The first example of this newfound player freedom came courtesy of the Jackal. A small dropship spawned from the Retribution, this ship will give players dogfighting in space with full freedom of movement. The video continues, showing off what looked like an assault on another capital ship. Closing out the brief sequence, we saw the Jackal approach the Retribution, locking in the landing lane to be intercepted by a landing drone. It’s a pretty big departure for the series, and looks years ahead of the on-rails helicopter sequences we’ve seen in games past. I’m crossing my fingers that this mode isn’t a brief interlude.
It was impressive watching the game move seamlessly from gameplay to cinematics and back again. The game sports an impressive list of actors and actresses including Eric Landin, John Marshall Jones, Jamie Gray Hyder, David Darewood, Jason Barry, Jeffrey Nordling, and Game of Thrones star Kit Harrington as SDF Rear Admiral Salen Kotch, the likely antagonist for Infinite Warfare.
Building worlds for the future
It’s long been my belief that creating videogames is about world building. To that end, I was awestruck by how complete a world Infinity Ward has built here. The dropship descent from the Retribution to the planet below reminded me of James Cameron’s Aliens, but on steroids. Flashing forward to another slice of gameplay, we saw mechanized soldiers, tanks, and more future tech. The world Infinity Ward is creating feels more hard science fiction than just a futuristic ‘skin’. That said, it’s still as bombastic as you might imagine, an example best demonstrated as the player yanks a missile off of a giant robot, jams it in his back, and then kicks backwards to shoot the missile with pistols akimbo.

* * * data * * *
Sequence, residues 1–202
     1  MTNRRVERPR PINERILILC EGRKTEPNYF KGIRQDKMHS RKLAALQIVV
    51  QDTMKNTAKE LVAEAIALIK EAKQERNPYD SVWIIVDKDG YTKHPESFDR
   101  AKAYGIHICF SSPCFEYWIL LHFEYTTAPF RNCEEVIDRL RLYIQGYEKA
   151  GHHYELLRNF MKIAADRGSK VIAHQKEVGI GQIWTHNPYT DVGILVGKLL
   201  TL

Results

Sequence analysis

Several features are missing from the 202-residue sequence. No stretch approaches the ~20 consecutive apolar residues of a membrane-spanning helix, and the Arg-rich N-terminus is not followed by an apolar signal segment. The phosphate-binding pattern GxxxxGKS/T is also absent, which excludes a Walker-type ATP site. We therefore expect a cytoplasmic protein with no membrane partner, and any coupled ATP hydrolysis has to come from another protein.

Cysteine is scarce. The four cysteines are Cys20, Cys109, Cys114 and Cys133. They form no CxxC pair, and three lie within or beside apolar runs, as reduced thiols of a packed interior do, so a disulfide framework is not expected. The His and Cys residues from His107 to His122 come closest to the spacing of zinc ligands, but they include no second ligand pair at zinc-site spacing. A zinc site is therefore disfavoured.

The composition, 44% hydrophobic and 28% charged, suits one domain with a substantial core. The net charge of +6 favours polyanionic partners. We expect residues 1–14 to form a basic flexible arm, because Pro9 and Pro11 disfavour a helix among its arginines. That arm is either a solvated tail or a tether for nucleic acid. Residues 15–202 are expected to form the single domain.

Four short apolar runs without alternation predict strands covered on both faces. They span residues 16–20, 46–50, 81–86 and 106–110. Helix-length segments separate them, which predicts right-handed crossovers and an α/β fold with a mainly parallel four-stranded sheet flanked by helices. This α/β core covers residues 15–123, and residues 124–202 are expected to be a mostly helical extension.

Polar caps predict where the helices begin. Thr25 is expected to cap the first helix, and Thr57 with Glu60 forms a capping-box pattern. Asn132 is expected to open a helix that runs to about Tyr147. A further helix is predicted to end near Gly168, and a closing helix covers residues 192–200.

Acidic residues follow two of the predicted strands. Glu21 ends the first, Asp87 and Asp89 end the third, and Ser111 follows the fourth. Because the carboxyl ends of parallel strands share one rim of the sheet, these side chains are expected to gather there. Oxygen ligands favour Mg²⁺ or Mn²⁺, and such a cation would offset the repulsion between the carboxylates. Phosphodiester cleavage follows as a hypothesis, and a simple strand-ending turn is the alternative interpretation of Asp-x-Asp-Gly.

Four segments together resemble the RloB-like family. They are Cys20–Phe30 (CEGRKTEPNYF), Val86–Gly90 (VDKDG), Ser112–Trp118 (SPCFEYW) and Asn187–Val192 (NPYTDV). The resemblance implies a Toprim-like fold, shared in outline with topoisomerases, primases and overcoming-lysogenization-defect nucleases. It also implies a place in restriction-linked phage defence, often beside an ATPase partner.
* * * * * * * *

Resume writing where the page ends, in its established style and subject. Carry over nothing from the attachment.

If there was a particular panel from this event that summed all of this world building nicely, it’d be the talk that discussed how developer Infiinty Ward worked directly with NASA and JPL to bring Infinite Warfare to life. The team worked tirelessly to blend function, form, concept, and hard science to create a world that was futuristic but still believable. Using references from NASA, the team worked with several prominent sci-fi concept artists to build the pressure suits, attack craft, and capital ships for Infinite Warfare’s setting. Don’t take my word for it, though — you can hear the entire panel here:
I came away impressed with what Infinity Ward and Activision has in store for us this year. The gameplay feels smooth, the audio is more on point than ever, and the sci-fi setting brings an entirely new flavor to the series. If you feel like you’ve got a bit of Call of Duty fatigue, Infinite Warfare could spell a new renaissance for the series.
Call of Duty: Infinite Warfare ships on 11/4/16 for Xbox One, PlayStation 4, and PC.
Ron Burke is the Editor in Chief for Gaming Trend. Currently living in Fort Worth, Texas, Ron is an old-school gamer who enjoys CRPGs, action/adventure, platformers, music games, and has recently gotten into tabletop gaming.
Ron is also a fourth degree black belt, with a Master's rank in Matsumura Seito Shōrin-ryū, Moo Duk Kwan Tang Soo Do, Universal Tang Soo Do Alliance, and International Tang Soo Do Federation. He also holds ranks in several other styles in his search to be a well-rounded fighter.
Ron has been married to Gaming Trend Editor, Laura Burke, for 27 years. They have three dogs - Pazuzu (Irish Terrier), Atë, and Calliope (both Australian Kelpie/Pit Bull mixes).